We recently stumbled upon a series the New York Times did with the Harvard University Dean of Admissions in 2009. You can read the full interview here, but there were a few paragraphs that stood out to us that we wanted to share with y’all.
When students ask about how to get into Harvard or a similar Ivy-League school, they’re undoubtedly told to excel academically but also to make sure to be “well-rounded” and to “stand out” with extracurriculars and leadership abilities. With so many admissions committee members and school counselors advising students to be well-rounded, the term seems to have lost some meaning. In describing his thoughts on well-roundedness and extracurriculars, Dean Fitzsimmons notes:
The term “extracurricular activities” covers an enormous amount of ground. We are interested in whatever a student does: in addition to school extracurricular activities and athletics, students can tell us of significant community, employment, or family commitments. There are many who spend a great deal of time helping to run their household, preparing meals and caring for siblings or making money with a part-time job to help the household meet expenses.
Then later, he elaborates that:
Extracurricular activities need not be exotic — most are not — and substance is far more important. A student who has made the most of opportunities day-to-day during secondary school is much more likely to do so during college and beyond. This applies to academic life as well as extracurricular activities.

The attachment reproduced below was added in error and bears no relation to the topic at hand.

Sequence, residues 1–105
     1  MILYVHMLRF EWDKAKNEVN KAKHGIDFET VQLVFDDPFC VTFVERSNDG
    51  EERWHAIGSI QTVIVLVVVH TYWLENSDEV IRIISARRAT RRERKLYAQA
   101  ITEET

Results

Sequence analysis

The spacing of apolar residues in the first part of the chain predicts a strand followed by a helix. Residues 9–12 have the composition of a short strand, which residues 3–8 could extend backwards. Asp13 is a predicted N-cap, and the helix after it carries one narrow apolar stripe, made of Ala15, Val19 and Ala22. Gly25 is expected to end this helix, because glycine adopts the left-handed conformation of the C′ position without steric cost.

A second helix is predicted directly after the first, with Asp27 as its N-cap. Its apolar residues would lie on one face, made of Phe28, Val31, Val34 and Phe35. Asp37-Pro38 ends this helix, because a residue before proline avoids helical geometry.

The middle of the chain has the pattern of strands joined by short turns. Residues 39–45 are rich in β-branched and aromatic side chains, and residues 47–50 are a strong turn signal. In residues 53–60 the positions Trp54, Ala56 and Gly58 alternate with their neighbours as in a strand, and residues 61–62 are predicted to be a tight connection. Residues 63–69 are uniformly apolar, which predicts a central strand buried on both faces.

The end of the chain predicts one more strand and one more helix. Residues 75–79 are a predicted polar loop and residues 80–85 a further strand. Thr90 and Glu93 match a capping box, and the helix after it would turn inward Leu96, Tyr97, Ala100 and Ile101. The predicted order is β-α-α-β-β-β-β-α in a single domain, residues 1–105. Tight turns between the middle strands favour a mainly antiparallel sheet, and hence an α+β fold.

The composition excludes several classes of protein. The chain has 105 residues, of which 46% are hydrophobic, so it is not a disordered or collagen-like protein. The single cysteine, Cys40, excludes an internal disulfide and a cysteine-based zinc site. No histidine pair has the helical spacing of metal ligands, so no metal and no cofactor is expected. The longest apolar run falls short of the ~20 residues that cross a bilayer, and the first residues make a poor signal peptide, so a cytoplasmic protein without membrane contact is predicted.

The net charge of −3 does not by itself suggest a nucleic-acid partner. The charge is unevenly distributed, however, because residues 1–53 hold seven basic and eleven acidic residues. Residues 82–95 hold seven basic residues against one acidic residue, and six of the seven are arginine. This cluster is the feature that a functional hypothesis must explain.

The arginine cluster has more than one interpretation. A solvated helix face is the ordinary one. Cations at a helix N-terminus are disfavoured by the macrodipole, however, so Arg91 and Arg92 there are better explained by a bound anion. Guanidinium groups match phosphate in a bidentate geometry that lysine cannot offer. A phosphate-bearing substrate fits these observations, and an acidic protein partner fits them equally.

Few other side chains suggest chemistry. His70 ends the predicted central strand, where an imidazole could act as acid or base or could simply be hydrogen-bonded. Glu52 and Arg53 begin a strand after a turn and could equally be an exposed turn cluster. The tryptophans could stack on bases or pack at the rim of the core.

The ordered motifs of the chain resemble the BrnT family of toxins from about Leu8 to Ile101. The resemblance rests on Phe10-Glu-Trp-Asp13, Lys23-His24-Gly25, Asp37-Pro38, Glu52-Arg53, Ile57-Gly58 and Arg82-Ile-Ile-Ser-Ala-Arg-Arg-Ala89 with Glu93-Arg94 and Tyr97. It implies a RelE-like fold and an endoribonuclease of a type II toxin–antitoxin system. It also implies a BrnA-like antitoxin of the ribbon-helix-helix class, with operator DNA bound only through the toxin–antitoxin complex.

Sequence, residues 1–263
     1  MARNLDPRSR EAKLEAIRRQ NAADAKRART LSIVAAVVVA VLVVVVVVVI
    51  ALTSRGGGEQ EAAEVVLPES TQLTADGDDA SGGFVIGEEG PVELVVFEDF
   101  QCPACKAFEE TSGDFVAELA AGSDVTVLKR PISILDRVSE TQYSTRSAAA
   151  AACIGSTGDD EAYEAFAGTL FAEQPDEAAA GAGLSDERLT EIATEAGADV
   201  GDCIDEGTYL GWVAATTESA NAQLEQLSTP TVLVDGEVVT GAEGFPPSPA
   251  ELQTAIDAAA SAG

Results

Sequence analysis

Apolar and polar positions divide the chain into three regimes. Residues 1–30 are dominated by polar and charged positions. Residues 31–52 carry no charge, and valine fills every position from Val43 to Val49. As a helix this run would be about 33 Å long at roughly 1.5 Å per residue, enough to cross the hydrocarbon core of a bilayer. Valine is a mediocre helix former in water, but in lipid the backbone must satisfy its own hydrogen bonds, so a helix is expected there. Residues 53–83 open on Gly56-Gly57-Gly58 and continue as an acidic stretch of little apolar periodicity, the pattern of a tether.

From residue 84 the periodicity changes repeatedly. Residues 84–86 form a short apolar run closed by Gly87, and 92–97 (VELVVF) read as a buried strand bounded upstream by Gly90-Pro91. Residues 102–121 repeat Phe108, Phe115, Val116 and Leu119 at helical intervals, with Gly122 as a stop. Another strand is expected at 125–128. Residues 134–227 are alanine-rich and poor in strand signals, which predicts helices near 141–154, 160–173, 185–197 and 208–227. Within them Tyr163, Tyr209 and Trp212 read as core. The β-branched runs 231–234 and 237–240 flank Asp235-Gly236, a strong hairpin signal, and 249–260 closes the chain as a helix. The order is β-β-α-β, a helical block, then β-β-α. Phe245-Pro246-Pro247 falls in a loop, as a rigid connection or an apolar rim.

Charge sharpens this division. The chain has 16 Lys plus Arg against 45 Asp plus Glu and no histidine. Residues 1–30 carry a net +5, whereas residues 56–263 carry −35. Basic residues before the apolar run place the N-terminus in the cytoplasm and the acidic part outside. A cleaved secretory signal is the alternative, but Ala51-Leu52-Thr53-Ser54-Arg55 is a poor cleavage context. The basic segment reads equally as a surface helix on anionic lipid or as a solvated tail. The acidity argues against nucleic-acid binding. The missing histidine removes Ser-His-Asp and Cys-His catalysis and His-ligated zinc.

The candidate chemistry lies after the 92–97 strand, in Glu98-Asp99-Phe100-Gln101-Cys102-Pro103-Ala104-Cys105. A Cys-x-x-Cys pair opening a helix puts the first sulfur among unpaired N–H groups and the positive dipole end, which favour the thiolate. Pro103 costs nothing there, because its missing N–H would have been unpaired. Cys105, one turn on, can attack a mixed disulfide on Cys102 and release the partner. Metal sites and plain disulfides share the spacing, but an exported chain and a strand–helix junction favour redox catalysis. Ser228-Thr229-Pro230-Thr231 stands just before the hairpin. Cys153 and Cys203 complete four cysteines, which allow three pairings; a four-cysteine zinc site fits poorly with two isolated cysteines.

For those of you who aspire to attend the Harvard, Stanford, MIT, or any similarly high-ranking school, fear not about your extracurriculars! I know there is pressure to be “different” and “unique,” and to set yourself apart through extracurriculars and leadership experiences, but as Dean Fitzsimmons said, most extracurriculars they see are rather blase and par for the course. It might be intimidating to learn that few extracurriculars can pique the interests of an Ivy League admissions counselor, but your reaction should be the exact opposite. You need not be in exotic clubs or have accomplished one-of-a-kind feats. Rather, you need only make the most of your experience in the every-day extracurriculars of the world. As long as you pour your soul into your swim team or into Key Club, and as long as you come out of these extracurriculars a better person, you will be able to stand out through strength of character. These Ivy League schools don’t want the person who’s changed the world — they simply want someone who made a positive contribution to it.